More recently, an increased interest has developed in carvedilol, a NSBB that also has an alpha1-adrenergic receptor blocking effect that reduces vascular resistance causing both a reduction in both portal pressure and systemic pressure, and this effect seems to be stronger than propranolol [41]. A study of 104 patients was conducted to evaluate the efficacy of carvedilol in propranolol nonresponders. It included cirrhotics with esophageal varices without prior bleeding who were given propranolol as primary prophylaxis with a desired dose of 80–160 mg/day in order to achieve efficacy, which was evaluated after 4 weeks on the maximal tolerated dose by obtaining an HVPG measurement. If the HVPG was <12 mmHg or dropped by 20 %, the patient was deemed a propranolol responder and continued on that dose. If these parameters were not reached, the patient was switched to carvedilol, and the HVPG was again measured after 4 weeks on a stable dose, and continued if adequate drop in HVPG was reached. Of the 104 patients started on propranolol, only 37 (35.6 %) were propranolol responders with adequate HVPG response. Of the remaining 67 switched to carvedilol, 38 (56.7 %) showed adequate HVPG response, suggesting that carvedilol may be better tolerated and more efficacious than propranolol for primary prophylaxis [42]. Carvedilol has also been compared to band ligation for primary prophylaxis of esophageal variceal bleeding in cirrhotics. One such multicenter randomized control trial in Scotland of cirrhotics with medium or large varices followed for 2 years included 77 patients in the carvedilol group with a goal dose of 12.5 mg daily, and 75 patients in the band ligation group, who underwent band ligation every 2 weeks until eradication. Eleven patients (14.2 %) in the carvedilol group had to discontinue due to adverse reactions, while 23 patients (30.7 %) were unable to complete the endoscopy protocol in the band ligation group and 58 % reached variceal eradication. The study found no difference in mortality : 35 % in the carvedilol group and 37 % in the band ligation group. However, incidence of variceal bleeding during the follow-up period favored carvedilol 10–23 % (p = 0.04) [41].

In summary, cirrhotics without varices or small varices without high-risk stigmata are considered low risk for bleeding do not require primary prophylaxis for variceal bleeding, just periodic screening endoscopy. Cirrhotics with large varices or with high-risk stigmata can be treated with band ligation or NSBB. If tolerated, NSBB are a reasonable first option. Band ligation is appropriate in the 15 % of patients with contraindications to NSBB and in the 15–20 % who are unable to reach therapeutic doses due to side effects. Band ligation may also be a better choice in patients with refractory ascites [43]. Carvedilol may be the most effective NSBB. Combination therapy may have some benefit in reducing recurrence of varices but currently there is insufficient data showing a reduction in variceal bleeding or mortality compared to band ligation or NSBB alone.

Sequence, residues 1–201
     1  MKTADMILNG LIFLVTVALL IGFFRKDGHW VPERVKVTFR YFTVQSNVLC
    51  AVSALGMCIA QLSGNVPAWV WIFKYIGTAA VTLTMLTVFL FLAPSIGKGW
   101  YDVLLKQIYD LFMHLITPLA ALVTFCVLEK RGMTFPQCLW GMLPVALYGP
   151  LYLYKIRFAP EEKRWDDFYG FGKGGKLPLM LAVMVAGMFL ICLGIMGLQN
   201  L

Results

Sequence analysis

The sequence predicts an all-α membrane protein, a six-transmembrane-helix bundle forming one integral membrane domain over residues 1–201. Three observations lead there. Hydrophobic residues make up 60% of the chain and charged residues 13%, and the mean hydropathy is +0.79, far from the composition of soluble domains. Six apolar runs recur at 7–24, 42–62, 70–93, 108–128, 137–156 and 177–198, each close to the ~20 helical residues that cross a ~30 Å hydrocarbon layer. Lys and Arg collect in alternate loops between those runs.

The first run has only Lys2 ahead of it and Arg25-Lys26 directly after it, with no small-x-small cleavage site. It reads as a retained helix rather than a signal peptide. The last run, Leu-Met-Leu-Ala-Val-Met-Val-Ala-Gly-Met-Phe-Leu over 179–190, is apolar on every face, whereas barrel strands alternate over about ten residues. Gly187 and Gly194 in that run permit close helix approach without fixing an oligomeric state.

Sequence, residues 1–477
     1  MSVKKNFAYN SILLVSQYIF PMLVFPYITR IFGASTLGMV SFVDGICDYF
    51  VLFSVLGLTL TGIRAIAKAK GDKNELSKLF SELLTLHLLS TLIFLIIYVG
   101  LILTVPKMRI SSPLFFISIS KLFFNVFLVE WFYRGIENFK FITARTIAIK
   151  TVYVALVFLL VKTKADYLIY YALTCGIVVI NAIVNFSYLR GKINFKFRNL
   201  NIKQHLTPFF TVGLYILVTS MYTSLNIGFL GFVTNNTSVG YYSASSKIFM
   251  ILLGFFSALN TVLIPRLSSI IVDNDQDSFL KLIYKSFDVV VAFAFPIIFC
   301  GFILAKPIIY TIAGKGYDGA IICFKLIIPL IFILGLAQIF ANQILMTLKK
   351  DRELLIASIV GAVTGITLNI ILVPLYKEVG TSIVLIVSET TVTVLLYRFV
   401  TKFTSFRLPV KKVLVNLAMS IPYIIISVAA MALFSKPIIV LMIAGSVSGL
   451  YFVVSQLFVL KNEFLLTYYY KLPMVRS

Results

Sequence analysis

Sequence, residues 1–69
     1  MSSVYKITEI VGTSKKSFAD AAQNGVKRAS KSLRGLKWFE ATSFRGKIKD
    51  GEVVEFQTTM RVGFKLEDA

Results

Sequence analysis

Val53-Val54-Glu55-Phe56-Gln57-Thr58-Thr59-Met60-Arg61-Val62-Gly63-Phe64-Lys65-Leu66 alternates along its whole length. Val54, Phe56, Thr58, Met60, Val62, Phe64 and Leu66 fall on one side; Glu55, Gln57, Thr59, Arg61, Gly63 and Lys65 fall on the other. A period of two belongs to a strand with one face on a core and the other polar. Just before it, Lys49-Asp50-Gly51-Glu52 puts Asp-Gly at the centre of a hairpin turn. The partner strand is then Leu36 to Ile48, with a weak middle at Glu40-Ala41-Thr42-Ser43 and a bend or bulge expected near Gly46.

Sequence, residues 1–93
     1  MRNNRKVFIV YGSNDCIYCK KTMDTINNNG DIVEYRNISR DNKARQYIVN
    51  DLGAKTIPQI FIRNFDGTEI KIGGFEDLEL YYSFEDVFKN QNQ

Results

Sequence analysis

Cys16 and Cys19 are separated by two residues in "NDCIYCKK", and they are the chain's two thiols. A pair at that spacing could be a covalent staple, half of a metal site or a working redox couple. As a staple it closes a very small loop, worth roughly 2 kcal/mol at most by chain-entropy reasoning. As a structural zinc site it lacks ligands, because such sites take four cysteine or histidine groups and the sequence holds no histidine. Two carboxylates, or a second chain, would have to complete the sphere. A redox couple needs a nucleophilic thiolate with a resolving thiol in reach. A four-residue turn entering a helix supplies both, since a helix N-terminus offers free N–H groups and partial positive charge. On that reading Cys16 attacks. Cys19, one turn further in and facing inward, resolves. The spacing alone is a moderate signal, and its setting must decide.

Over time, the severity of liver disease progresses at variable rates, and this can result in the development and progression of esophageal varices. Studies have shown that in cirrhotics without varices, varices develop at a rate of 5–8 % per year. Furthermore, patients with small varices progress to large varices at a rate of 5–20 % per year. Because varices are not stable over time and do not cause symptoms until they rupture, periodic endoscopy is necessary to monitor for change. There is no strong data to determine the optimal frequency of surveillance but guidelines have been developed to assist in management depending on endoscopic findings:

No varices: every 2–3 years

Small varices, no red wale: every 1–2 years

Small varices with red wale or alcoholic cirrhosis: every 1 year

If large varices are present, then primary prophylaxis should be initiated. If NSBB is chosen for primary prophylaxis, then endoscopic surveillance is not necessary. If band ligation is chosen, then yearly endoscopy after variceal obliteration is reasonable [44].

Acute Variceal Hemorrhage

Any cirrhotic who presents with signs of overt gastrointestinal bleeding such as hematemesis, melena, hematochezia, and/or hemodynamic instability should raise a strong suspicion for variceal hemorrhage. In fact, 60–65 % of upper GI bleeding in cirrhotics is due to varices [45]. Variceal hemorrhage is a potentially fatal and the cause of death is usually due to direct consequence of acute blood loss with hypovolemic shock, or the immediate complications of acute blood loss including renal failure, liver failure, hepatic encephalopathy, and sepsis [46].